• How do we best change physicians’ behavior?

    I’ve written many times about how hard it is to change physician behavior. I’ve also talked about how we need a system of both carrots and sticks. Nikola Biller-Andorno and Thomas Lee agree with me, in a recent piece in the NEJM. “Ethical Physician Incentives — From Carrots and Sticks to Shared Purpose“:

    As health care reform’s focus turns to change in U.S. health care delivery, concerns about the use of incentives for physicians are intensifying. One fear is that incentives will undermine physicians’ professional ethos, leading them astray from the primacy of their duty to patients. Another fear is that incentives will be ineffective and merely cause confusion and irritation among patients and clinicians alike, without actually improving outcomes or efficiency. These fears characterize the perspectives of the ethicist and the manager, respectively; we believe that a synthesis of these perspectives is not just possible, but strategically valuable for implementing health care reform.

    It seems clear to us that incentives are omnipresent and unavoidable in health care delivery. In any context, decisions are influenced by whatever decision makers stand to gain or lose — not just in economic terms but also in psychological and social terms. Accordingly, the debate over incentives should focus not only on the effect of individual elements (e.g., pay-for-performance bonuses) but also on the full array of financial and nonfinancial incentives used by a health care delivery system. The challenge for the leaders of health care organizations is to shape and align this web of incentives in ways that promote the institution’s goals while avoiding unintended harmful consequences, such as over- or underprovision of services.

    They are concerned about finding incentives that are both ethical and effective:

    Given the complex realities of health care and human behavior, we believe that a simple carrot-and-stick model won’t do. The economist and sociologist Max Weber offered a typology of motives for social action that might be useful in the design of a more appropriate incentive scheme (see table). As Weber stressed, these categories — which a widely used adaptation has labeled “traditional,” “self-interest,” “affective,” and “shared purpose” — are ideal types, and real-life actions will frequently result from mixed motives. But we believe this typology provides a useful framework for health care organizations to apply in considering their incentive strategies.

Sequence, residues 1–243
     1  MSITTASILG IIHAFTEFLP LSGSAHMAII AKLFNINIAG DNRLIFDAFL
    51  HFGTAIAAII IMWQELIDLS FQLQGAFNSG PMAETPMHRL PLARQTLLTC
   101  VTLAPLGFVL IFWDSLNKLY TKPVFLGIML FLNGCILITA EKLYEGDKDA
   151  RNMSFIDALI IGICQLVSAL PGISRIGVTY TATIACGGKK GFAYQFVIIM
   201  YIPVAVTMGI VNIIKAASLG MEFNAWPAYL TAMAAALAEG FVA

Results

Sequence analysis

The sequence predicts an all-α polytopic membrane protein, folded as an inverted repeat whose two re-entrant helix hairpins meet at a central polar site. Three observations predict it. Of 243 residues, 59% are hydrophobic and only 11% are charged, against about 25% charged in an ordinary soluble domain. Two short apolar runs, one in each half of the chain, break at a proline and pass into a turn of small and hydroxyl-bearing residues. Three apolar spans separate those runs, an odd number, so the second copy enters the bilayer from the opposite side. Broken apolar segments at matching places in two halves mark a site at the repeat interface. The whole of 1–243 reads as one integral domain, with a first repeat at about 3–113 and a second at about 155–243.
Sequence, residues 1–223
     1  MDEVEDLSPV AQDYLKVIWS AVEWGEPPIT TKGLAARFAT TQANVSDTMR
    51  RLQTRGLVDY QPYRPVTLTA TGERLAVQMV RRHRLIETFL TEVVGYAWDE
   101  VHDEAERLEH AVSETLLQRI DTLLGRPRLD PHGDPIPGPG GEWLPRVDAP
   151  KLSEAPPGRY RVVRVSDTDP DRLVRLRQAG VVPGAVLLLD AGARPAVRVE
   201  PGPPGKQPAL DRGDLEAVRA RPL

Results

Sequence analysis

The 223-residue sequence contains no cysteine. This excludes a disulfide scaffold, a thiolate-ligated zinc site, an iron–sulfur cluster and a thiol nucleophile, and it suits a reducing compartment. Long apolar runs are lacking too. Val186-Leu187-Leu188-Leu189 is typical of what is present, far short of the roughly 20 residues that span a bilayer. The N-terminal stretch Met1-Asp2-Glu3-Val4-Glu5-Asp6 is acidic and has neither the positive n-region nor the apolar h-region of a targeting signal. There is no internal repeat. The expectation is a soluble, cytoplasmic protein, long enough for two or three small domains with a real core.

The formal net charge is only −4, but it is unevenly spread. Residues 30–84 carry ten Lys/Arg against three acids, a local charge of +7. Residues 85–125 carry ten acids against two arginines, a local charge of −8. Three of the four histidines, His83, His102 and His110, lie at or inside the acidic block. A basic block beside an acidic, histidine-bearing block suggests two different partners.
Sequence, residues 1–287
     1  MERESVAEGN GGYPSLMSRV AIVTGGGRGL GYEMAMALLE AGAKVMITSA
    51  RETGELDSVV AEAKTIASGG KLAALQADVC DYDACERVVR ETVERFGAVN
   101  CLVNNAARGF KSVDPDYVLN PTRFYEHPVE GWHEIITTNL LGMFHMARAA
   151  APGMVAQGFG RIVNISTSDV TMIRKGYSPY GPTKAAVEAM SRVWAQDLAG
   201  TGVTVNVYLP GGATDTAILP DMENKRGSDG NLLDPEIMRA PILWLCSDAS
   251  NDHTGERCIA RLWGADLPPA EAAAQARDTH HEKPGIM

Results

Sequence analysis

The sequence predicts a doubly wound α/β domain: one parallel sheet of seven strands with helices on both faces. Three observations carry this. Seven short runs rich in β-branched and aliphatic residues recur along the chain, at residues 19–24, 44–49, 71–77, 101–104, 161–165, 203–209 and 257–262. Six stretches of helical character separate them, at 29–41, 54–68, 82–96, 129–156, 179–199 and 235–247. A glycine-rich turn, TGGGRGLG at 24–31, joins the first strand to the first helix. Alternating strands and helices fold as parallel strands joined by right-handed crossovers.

The piece isn’t that long. It’s worth reading in full.


    • It isn’t the behavior of physicians that needs to be modified, it’s the behavior of patients. Physicians don’t order every diagnostic test and resort to every treatment in a vacuum. They do it because their patients expect it, no, demand it. If physicians are rewarded primarily on the basis of outcomes, then physicians would avoid taking on the most difficult patients; and that means poor patients, the patients who suffer the most due to inadequate health care, bad life-style choices, and ignorance about their own health. Sure, reining in health care costs will require changes in health care delivery, but by far the biggest obstacle are the patients themselves.

      • I second Bill’s comment. The problem isn’t primarily patients. As previous post’s here have cited patients don’t want more services; if there is anything they want more of it is explanations for the care they are receiving. While this point about patients is a fun talking point is distracts from the myriad problems associated with supply-induced demand.

    • C’mon, man — with all the literature on (1) supply-sensitive care and (2) financial incentives for MDs to test and treat, you want to blame the patients? If only they had more skin in the game — oops, as we see in a later TIE post, Medicare pays for less than half of beneficiaries’ health care expenses. And I guess Brill’s magnum opus on health services pricing in Time established that “the biggest obstacle” to reining in health care costs is “the patients themselves.”

      To appreciate how wrong this view is, you only need to examine what happens when payment systems change — like when hospital payments went from per diem to DRG-based. Suddenly, all those very lengthy hospital stays got shorter and shorter and shorter, and patient preferences had nothing to do with it.

    • As someone who continually rails and rants about the “market model of medicine”, one of the most unseemly aspects, IMO, of that wonderfully American “market model of life”, I almost stopped reading the article recommended at this, re ACOs ” …they must also maintain or increase their market share,”

      Frankly i would have no interest in an ACO who expected that i would have a “shared interest” in “increasing market share” …